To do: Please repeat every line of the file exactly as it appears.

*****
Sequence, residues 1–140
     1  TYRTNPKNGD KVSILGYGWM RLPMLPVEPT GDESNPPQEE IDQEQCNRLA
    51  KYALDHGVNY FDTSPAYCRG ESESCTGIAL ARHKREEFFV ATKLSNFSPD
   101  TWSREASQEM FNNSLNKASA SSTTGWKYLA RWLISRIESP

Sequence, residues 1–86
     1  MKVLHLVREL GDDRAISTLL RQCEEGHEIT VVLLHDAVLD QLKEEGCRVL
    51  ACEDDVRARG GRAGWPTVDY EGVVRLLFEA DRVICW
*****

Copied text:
Sequence, residues 1–140
     1  TYRTNPKNGD KVSILGYGWM RLPMLPVEPT GDESNPPQEE IDQEQCNRLA
    51  KYALDHGVNY FDTSPAYCRG ESESCTGIAL ARHKREEFFV ATKLSNFSPD
   101  TWSREASQEM FNNSLNKASA SSTTGWKYLA RWLISRIESP

Sequence, residues 1–86
     1  MKVLHLVREL GDDRAISTLL RQCEEGHEIT VVLLHDAVLD QLKEEGCRVL
    51  ACEDDVRARG GRAGWPTVDY EGVVRLLFEA DRVICW